Third, Hobbs was an exegetical theologian following the lexical-gram­ matical-historical hermeneutic, with its focus on the Greek New Testa­ ment, practiced by Archibald Thomas Robertson (1863-1934) and William Hersey Davis (1887-1950) at Southern Baptist Theological Seminary from 1890 to 1945. Hobbs was a student in Robertson’s class the day in 1934 that Robertson had his fatal stroke, and Davis was Hobbs’s doctoral mentor. This hermeneutical tradition had been inaugurated by Robertson’s father-in-law, John Albert Broadus (1827-1895), one of the four founding professors of Southern Seminary.[26]Dockery,”Life and Legacy of Herschel H. Hobbs (1907-1995),” 63; idem, “Mighty in the Scriptures: John A. Broadus and His Influence on A.T. Robertson and Southern Baptist Life,” infohnA. Broadus:A Living Legacy, ed. David S.Dockery and Roger D. Duke (Nashville: B&H Academic, 2008), 21-22, 42-44; James Patterson, “Broadus’s Living Legacy,” in John A. Broadus, ed. Dockery and Duke, 242-44; William A. Mueller, A History of Southern Baptist 1heological Seminary (Nashville: Broadman, 1959), 74. This method emphasized word meanings, grammar, syntax, historical background, and comparable biblical texts.[27]William B. Tolar, “The Grammatical-Historical Method,” in Biblical Hermeneutics: A Comprehensive Introduction to Interpreting Scripture, ed. Bruce Corley, Steve Lemke, and Grant Lovejoy (Nashville: Broadman & Holman, 1996), 217-34. Faught has of­fered a threefold critique of Hobbs’s use of this method: (1) it put too much stress on etymology to the neglect of “context, style, [and] genre”; (2) it “at times” imposed “a modern world-view upon ancient texts”; and (3) it re­sulted in a harmonization of difficult biblical texts according to Hobbs’s own “particular system of thought.”[28]Faught, “The Biblical Theology of Herschel H. Hobbs,” 15. But important is the fact that, whereas for Broadus, Robertson, and Davis, this hermeneutic had not led to coordinated biblical theology or to systematic theology,[29]Edgar V. McKnight, ”A.T. Robertson’s Contribution to the New Testament” (Th.D. diss., Southern Baptist Theological Seminary, 1960), 372; David S. Dockery, “The Broadus­ Robertson Tradition,” in Theologians of the Baptist Tradition, ed. George and Dockery, 111. it was by Hobbs supplemented to the extent that he undertook systematic writings.[30]Herschel H. Hobbs, Fundamentals of Our Faith (Nashville: Broadman, 1960); idem, What Baptists Believe   (Nashville: Broadman, 1964); idem, The Holy Spirit: Believer’s Guide (Nashville: Broadman, 1967); idem, The Baptist Faith and Message (Nashville: Convention Press, 1971); idem (with E.Y. Mullins), The Axioms of Religion (Nashville: Broadman, 1978); idem, You Are Chosen: The Priesthood of All Believers (San Francisco: Harper & Row, 1990). For Hobbs, all good theology must be based on adequate biblical exegesis, but the properly in­terpreted texts pertaining to a subject must be brought together as biblical theology seeks to do.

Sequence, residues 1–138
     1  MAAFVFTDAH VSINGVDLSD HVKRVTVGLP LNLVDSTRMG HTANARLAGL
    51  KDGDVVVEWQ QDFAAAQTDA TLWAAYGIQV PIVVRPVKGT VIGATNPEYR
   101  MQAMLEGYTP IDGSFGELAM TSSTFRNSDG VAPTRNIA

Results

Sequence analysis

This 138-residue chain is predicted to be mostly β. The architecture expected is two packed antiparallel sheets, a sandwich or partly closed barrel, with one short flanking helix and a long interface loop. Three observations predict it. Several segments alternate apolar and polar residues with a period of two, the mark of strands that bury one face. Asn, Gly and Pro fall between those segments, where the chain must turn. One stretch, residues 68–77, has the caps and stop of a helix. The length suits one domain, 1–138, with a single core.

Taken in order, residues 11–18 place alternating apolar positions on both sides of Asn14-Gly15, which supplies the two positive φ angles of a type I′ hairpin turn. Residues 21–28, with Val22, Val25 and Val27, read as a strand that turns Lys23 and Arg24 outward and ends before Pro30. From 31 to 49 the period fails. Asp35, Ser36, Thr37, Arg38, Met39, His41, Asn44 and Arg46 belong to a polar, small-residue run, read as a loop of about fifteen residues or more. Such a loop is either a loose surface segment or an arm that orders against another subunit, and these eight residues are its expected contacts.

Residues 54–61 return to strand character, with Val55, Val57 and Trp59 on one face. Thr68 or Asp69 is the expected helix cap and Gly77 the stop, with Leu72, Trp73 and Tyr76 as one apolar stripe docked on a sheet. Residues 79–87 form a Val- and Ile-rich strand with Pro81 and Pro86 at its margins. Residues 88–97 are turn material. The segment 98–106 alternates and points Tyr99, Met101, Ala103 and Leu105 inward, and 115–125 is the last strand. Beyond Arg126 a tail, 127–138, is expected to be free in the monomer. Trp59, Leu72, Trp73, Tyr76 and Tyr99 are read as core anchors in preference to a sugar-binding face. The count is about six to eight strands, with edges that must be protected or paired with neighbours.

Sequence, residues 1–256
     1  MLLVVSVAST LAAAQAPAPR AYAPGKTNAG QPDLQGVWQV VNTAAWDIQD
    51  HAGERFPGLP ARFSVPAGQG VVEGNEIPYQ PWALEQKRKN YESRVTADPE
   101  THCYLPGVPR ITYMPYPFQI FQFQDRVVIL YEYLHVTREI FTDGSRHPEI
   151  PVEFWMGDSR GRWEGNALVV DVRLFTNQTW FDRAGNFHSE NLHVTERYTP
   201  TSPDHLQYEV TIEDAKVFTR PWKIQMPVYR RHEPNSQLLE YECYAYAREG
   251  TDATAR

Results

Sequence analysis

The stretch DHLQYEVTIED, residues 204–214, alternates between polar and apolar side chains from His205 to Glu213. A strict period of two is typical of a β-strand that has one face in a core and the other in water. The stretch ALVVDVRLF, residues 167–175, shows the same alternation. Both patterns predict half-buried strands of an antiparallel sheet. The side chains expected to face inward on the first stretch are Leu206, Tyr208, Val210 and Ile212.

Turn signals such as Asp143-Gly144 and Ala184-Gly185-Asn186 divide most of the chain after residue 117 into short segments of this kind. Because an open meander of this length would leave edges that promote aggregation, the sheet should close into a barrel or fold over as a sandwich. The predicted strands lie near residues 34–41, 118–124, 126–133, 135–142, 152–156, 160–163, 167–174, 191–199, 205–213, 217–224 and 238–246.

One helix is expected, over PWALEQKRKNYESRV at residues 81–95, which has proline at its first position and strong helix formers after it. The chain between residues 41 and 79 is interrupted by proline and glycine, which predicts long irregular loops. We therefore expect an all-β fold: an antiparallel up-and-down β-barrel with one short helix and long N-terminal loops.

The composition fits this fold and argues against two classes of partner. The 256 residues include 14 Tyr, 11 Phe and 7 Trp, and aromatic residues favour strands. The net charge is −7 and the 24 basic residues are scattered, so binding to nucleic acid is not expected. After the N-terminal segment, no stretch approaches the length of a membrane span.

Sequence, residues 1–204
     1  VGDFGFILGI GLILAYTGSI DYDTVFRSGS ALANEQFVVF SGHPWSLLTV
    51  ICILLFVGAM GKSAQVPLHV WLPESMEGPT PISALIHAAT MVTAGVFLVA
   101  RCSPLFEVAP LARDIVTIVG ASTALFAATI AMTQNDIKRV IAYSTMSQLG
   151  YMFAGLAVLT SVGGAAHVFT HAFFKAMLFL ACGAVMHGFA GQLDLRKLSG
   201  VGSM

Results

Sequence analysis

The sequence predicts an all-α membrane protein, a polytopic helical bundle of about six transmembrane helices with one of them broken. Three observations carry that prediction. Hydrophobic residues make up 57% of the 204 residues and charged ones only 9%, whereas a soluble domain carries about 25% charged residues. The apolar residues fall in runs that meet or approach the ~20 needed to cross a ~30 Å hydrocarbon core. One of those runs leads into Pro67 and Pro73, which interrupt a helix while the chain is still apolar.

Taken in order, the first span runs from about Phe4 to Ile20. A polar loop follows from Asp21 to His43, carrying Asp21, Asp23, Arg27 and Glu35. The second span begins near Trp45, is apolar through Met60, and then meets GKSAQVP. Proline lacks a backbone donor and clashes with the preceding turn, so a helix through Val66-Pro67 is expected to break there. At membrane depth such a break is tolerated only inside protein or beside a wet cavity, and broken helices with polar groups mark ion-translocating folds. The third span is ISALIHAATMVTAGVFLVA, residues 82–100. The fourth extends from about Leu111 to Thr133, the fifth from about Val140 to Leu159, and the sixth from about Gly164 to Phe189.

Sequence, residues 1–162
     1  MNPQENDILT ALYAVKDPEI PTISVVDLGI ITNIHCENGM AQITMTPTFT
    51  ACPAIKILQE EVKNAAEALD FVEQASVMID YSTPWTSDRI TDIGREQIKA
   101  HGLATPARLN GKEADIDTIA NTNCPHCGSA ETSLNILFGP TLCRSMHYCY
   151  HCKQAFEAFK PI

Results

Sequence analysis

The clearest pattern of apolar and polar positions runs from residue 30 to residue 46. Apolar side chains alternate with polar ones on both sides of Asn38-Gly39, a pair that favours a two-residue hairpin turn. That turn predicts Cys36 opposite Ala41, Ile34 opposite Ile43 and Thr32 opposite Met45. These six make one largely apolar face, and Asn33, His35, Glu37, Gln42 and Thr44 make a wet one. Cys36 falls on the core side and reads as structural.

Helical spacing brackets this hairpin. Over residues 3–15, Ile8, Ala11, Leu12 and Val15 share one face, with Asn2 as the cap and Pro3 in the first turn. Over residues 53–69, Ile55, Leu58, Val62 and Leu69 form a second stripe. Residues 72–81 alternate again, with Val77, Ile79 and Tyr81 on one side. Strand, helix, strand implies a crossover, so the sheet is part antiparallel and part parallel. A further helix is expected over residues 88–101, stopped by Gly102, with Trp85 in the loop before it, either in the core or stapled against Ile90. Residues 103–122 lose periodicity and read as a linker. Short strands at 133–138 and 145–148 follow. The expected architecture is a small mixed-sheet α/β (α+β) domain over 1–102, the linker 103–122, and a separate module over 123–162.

Fourth, Hobbs was theologically shaped by and committed to the the­ology of Edgar Young Mullins, the fourth president of Southern Baptist Theological Seminary and the leading Southern Baptist theologian during the first one-third of the twentieth century.[31]For writings about the life and work of Mullins, see Garrett, Baptist Theology, 416n2. Mullins was not Hobbs’s teach­er in the classroom, for Mullins died in 1928, and Hobbs entered Southern Seminary in 1932.[32]Hobbs, My Faith and Message, 61, 74, 63. Hobbs, however, acknowledged his dependence on and agreement with Mullins. “I have lived with his books to the point that I feel that I did know him.”[33]Ibid., 61. The dedication to Hobbs’s revision of Mullins’s Axioms if Religion, 5, reads as follows: “Dedicated to Edgar Young Mullins whom I never knew personally but who through his books has been my teacher through the years.” Mullins’s The Christian Religion in Its Doctrinal Ex­pression[34]E. Y. Mullins, The Christian Religion in Its Doctrinal Expression (Philadelphia: Judson, 1917). was Hobbs’s textbook in systematic theology at Southern Seminary, and he memorized its subsections for examinations.[35]Hobbs, My Faith and Message, 74. A major influence of this book by Mullins was in respect to Christian experience. As a Southern Baptist theologian, Hobbs placed Walter Thomas Conner second to Mullins,[36]Ibid. but Hobbs did not cite the writings of Conner or the writings of earlier Baptist theologians, such as John Leadley Dagg (1796-1884), James Petigru Boyce (1827-1888), or Augustus Hopkins Strong (1836-1921). The influence of Mullins on Hobbs was especially manifested in his appropriation of Mul­lins’s idea of soul competency, which was Mullins’s concept for identifying “the historical significance” of the Baptists.[37]E.Y. Mullins, The Axioms if Religion (Philadelphia: Griffith & Rowland, 1908), 44, 53; Hobbs, The Baptist Faith and Message, 7-10. For Mullins soul competency was an alternative to Landmark successionism[38]E. Glenn Hinson, “In Search of Our Identity,” in James Leo Garrett Jr., E. Glenn Hinson, and James E. Tull, Are Southern Baptists ”Evangelicals”? (Macon, GA: Mercer University Press, 1983), 133-38. and a countervailing to the Roman Catholic incompetency of the soul, shared to an extent by pedobap­tist Protestantism.[39]Mullins, The Axioms of Religion, 59-65. Louisville was still a predominantly Roman Catholic city when Mullins first enunciated soul competency and the axioms before the Baptist World Alliance in 1905.